Today's Observer contains the 'statistic' that a million GCSE pupils 'have been failed by Labour' since 1997. This is apparently the line being taken by the Tory Bow Group in a report out this week, which also claims that '90,000' pupils failed to get five Grade G GCSEs last year, the 'highest figure' since 1998.
This is of a piece with the self-selected statistics being used by the Tory front bench to maintain that despite a third more pupils gaining five decent GCSEs every year than when they left power - and despite the fact that the number of schools where fewer than 30% reach this standard falling from half to a fifth of secondaries - the system is somehow getting worse. As Table 1 in this release shows, the proportion of pupils achieving five A-G grades at GCSE or equivalent has risen every year since 1997.
The Tories only reach their conclusion by discounting the vocational qualifications - including functional English and Maths - that schools often use (and have increasingly done since 1997) to engage young people less likely to achieve academic qualifications. In fact, although the numbers of students taking the exams has risen from 575,000 in 1998 to 656,000 in 2007, the number failing to get five good grades has fallen from 72,000 to 65,600 over the same period. Moreover, the figure for 2007 falls to 53,880 when the results are included for students who do their exams a little later than others (at the end of Key Stage 4). At the time of the 1997 election, contrary to what the Observer said in its leader, Labour did set a target to cut the numbers of pupils leaving education with no passes: their numbers have fallen from 44,291 in 1997 to 7,140 in 2007.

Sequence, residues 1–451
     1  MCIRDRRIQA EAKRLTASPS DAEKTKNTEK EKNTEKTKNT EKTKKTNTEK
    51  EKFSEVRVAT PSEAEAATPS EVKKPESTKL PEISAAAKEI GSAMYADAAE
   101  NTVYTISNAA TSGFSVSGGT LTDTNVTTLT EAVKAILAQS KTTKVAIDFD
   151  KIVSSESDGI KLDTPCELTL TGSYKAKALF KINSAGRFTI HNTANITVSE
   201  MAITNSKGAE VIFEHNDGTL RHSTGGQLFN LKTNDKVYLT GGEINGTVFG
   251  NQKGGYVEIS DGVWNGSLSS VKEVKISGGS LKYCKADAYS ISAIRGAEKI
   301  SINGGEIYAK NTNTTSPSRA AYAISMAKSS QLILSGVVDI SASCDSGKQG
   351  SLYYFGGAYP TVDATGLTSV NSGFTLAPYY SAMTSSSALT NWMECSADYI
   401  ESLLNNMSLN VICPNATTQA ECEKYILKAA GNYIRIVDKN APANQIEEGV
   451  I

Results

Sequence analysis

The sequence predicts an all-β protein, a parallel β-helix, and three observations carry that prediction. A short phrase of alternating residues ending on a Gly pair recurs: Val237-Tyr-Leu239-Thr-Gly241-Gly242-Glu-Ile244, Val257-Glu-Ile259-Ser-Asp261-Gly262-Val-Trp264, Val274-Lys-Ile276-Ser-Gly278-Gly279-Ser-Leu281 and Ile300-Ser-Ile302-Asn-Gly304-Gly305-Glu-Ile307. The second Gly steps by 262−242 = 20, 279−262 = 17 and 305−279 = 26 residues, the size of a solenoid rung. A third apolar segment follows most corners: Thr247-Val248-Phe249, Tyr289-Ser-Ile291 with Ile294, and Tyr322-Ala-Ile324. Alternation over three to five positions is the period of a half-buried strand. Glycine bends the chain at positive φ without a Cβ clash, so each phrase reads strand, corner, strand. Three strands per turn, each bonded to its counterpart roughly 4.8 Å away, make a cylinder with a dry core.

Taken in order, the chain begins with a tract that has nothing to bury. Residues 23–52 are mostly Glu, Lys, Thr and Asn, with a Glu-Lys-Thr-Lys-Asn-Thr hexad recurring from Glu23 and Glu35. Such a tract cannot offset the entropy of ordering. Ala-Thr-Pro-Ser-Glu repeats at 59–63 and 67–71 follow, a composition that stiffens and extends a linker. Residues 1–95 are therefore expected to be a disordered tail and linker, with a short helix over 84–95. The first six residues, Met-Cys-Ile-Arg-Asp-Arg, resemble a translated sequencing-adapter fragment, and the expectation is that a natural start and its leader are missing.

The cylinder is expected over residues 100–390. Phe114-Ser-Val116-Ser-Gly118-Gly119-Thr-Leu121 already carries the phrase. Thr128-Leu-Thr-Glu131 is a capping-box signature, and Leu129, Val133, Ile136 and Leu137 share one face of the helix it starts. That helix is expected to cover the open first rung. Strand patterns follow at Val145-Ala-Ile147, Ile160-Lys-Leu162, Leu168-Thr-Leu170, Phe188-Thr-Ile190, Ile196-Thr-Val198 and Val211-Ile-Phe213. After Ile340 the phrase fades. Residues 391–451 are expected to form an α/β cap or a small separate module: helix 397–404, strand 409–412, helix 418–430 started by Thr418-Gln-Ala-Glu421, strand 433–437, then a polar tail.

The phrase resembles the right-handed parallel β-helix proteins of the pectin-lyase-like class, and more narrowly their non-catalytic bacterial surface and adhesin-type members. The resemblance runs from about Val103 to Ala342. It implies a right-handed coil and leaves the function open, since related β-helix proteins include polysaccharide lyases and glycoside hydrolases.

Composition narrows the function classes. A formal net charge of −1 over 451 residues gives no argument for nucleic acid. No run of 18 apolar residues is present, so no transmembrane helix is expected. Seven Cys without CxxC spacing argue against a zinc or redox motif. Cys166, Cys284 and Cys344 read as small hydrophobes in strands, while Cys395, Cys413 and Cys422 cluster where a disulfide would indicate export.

With changes introduced in the last year - and which were never part of the tables when the Tories were in power - Labour is now looking at the figures including English and Maths GCSEs, and that is forcing schools to work at getting better results in both subjects. That is likely to see that figure increasing too in the future. But do the Tories really need to discount the hard work over the last decade of teachers and pupils to explain how they would supposedly do better?